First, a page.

As Orthodox we always ask ourselves how much publicity and noise we should make on campus. We have left the home, the comfortable context where we feel our identity to be less challenged. Morality was also easier with someone else in charge: parents, priest, home parish community, etc. So here we are at college, learning to stand on our own feet (hopefully). Who are we? Do we shout “ORTHODOX HERE!?” Do we forsake Church with the first mistakes and signs of imperfection or impurity? We are learning to be ourselves but are told to be free of pride… How do we manage it all?
Sin and temptation that comes in a time of freedom and uncertainty is also a providential place of challenge that helps us grow and improve spiritually. There are some shocking sayings of St. Anthony in the Alphabetic Collection of the Sayings of the Desert Fathers:
Anthony said to Abba Poemen,
4. This is the great work of a man: always to take the blame for his own sins before God and to expect temptation to his last breath.’ 5. He also said, “Whoever has not experienced temptation cannot enter into the Kingdom of Heaven.’ He even added, ‘Without temptations, no-one can be saved.’ 6. Abba Pambo asked Abba Anthony, “What ought I to do?’ and the old man said to him, ‘do not trust in your own righteousness, do not worry about the past, but control your tongue and your stomach.’ 7. Abba Anthony said, ‘I saw the snares that the enemy spreads out over the world and I said groaning, “What can get through from such snares?” Then I heard a voice saying to me, “Humility.”
The readings before Lent challenge us to not argue about things with people who have different opinions: “As for the man who is weak in faith, welcome him, but not for disputes over opinions. One believes he may eat anything, while the weak man eats only vegetables.” (Romans 14:1-2) We control the “tongue and… stomach.” Notice: we are eating vegetables now! We do this to repent, or “re-think” and change, gain confidence in God’s ability to change us. This is humility—to know that God gives victory, not our righteousness, successes, intellect, or purity. Everything else is defeat; only Christ’s humility is perfect faith. We feel it by the Paschal vigil, when we are tired, weak and hungry…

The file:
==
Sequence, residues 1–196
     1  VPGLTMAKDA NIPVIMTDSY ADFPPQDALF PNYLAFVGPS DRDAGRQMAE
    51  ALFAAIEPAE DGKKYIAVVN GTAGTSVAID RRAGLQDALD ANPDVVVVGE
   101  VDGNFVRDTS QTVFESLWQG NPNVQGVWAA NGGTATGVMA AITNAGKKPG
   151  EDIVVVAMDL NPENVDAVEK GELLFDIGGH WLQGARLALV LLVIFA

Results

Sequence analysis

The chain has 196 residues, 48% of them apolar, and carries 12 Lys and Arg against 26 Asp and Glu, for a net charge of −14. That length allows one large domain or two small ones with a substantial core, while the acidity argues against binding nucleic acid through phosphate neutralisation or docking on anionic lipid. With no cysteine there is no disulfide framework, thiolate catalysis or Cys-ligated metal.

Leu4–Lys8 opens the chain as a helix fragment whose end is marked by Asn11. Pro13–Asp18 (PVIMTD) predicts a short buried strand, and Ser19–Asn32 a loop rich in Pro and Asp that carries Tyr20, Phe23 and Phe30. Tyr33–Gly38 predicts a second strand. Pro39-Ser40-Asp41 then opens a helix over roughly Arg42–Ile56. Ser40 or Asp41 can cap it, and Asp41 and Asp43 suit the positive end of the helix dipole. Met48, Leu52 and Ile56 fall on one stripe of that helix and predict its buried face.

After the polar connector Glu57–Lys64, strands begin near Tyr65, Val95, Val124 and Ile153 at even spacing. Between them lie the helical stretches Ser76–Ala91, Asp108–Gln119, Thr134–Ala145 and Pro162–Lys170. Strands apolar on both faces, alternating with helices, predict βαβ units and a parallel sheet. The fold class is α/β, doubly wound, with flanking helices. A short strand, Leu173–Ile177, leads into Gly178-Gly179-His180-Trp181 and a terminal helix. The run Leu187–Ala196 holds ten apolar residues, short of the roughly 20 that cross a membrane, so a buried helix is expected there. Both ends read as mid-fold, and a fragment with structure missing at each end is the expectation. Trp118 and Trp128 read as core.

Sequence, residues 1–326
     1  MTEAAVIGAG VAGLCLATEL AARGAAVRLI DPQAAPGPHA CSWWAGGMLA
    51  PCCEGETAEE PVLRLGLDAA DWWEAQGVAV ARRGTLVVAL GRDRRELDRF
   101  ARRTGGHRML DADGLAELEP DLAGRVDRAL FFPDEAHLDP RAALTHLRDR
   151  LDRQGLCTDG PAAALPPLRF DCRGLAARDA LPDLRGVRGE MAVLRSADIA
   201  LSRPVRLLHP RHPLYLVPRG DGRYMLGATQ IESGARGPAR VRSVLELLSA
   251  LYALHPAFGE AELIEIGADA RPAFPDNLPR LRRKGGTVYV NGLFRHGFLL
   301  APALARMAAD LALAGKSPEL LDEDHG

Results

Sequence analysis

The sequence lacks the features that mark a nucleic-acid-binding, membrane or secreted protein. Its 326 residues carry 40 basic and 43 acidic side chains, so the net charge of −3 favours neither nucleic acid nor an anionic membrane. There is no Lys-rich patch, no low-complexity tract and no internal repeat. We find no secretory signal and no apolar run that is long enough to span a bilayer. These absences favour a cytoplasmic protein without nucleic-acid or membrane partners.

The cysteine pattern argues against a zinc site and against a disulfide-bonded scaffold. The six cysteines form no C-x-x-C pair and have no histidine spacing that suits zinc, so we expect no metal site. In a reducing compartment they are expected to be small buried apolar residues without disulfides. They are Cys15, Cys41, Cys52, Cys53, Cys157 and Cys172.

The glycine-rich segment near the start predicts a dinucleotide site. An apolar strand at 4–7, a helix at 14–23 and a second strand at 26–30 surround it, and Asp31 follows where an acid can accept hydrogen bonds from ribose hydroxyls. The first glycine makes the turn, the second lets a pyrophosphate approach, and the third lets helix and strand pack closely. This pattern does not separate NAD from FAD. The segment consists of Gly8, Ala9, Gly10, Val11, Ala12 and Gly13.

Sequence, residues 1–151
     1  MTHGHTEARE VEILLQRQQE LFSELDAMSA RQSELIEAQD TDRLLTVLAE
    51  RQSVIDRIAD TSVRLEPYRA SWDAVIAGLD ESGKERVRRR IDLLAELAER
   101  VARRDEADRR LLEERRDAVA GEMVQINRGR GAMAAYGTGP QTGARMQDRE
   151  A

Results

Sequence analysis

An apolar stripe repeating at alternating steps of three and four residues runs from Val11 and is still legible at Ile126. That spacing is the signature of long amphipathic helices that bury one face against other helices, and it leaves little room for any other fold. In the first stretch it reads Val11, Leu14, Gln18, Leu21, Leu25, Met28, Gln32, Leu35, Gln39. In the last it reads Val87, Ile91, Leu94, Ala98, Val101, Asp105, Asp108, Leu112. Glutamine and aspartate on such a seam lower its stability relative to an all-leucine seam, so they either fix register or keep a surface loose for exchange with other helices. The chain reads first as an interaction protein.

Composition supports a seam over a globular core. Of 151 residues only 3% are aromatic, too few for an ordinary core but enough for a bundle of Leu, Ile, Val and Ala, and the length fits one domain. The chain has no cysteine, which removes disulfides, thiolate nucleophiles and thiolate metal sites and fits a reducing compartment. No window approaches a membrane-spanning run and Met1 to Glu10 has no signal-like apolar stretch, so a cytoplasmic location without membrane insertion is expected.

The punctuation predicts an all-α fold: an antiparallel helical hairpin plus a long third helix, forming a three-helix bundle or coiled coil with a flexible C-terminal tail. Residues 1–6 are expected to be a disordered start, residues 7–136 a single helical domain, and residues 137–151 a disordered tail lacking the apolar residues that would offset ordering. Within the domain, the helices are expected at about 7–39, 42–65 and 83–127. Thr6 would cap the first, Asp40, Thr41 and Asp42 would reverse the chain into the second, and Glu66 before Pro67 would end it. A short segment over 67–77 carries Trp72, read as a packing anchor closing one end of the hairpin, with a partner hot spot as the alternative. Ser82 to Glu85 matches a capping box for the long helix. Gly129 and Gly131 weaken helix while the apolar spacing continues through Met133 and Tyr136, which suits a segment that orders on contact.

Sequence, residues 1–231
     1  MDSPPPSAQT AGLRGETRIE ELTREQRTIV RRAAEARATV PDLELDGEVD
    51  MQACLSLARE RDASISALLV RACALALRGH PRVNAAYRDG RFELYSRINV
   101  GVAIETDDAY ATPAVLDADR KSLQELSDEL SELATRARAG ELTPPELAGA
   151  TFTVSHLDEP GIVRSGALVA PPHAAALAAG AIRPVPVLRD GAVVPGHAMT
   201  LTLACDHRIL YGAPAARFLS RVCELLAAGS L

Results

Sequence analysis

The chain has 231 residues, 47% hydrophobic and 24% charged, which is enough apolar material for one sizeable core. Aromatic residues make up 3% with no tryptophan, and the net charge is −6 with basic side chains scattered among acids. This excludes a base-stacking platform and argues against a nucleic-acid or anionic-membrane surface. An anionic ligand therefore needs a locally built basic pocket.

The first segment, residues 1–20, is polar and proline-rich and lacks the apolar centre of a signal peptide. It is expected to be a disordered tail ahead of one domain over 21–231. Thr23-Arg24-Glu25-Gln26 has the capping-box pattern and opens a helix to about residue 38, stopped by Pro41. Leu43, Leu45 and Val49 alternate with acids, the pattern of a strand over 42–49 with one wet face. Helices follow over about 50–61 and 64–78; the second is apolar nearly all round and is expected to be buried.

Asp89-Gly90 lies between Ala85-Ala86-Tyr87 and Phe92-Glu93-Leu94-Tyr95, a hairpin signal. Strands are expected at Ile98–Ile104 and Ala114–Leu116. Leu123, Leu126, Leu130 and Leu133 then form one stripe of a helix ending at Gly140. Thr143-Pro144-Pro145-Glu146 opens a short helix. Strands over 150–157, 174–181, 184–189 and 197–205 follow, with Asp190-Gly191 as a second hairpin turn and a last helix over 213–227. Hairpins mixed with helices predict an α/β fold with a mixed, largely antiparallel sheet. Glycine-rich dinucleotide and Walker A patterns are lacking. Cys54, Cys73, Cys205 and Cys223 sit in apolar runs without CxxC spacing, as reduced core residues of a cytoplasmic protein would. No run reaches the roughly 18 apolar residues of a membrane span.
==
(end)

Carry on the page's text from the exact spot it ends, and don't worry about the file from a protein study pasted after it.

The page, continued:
We ask “Who are we and how do we define ourselves?” Be defined by going to Church, believing, self-restraint and the confidence that does not proclaim our righteousness, but rather the confidence of Christ’s silence, God’s silence at the Cross, the silence of the life-giving Tomb and the silence of Christ who is in the “hungry or thirsty or a stranger or naked or sick or in prison…”(Mathew 25:44). This silence is what teaches us to listen to and love others. This silence (of mouth, mind, internet) is what gets us through the “snares,” the mistakes we have to ‘make for ourselves.’ The prodigal son knows this. We will have temptations and fall; we can only learn humility this way—the confidence that God saves and raises us. This is the truly successful OCF chapter:
where there is neither Greek nor Jew, circumcised nor uncircumcised, barbarian, Scythian, slave nor free, but Christ is all and in all. (Colossians 3:11, OSB)
My practical tip, the one which is best borne out by working with OCF chapters, is this: Learn restraint and silence together!
All the ideas and programs in the world don’t help without learning humility and restraint that guide us toward confidence in Christ.
About the Author
This is a guest post from Fr. Elijah Mueller. Fr. Elijah is the pastor of St. Makarios Mission, OCA, at the University of Chicago and the Director of the Diocese of the Midwest OCA Catechist and Diaconal Vocations Program. He is the Chapter Spiritual Advisor at the University of Chicago, and the Great Lakes Regional Spiritual Advisor for OCF. He is currently completing his Ph.D. in Historical Theology from Marquette University, which he will complete this Spring. You can email him at firstname.lastname@example.org.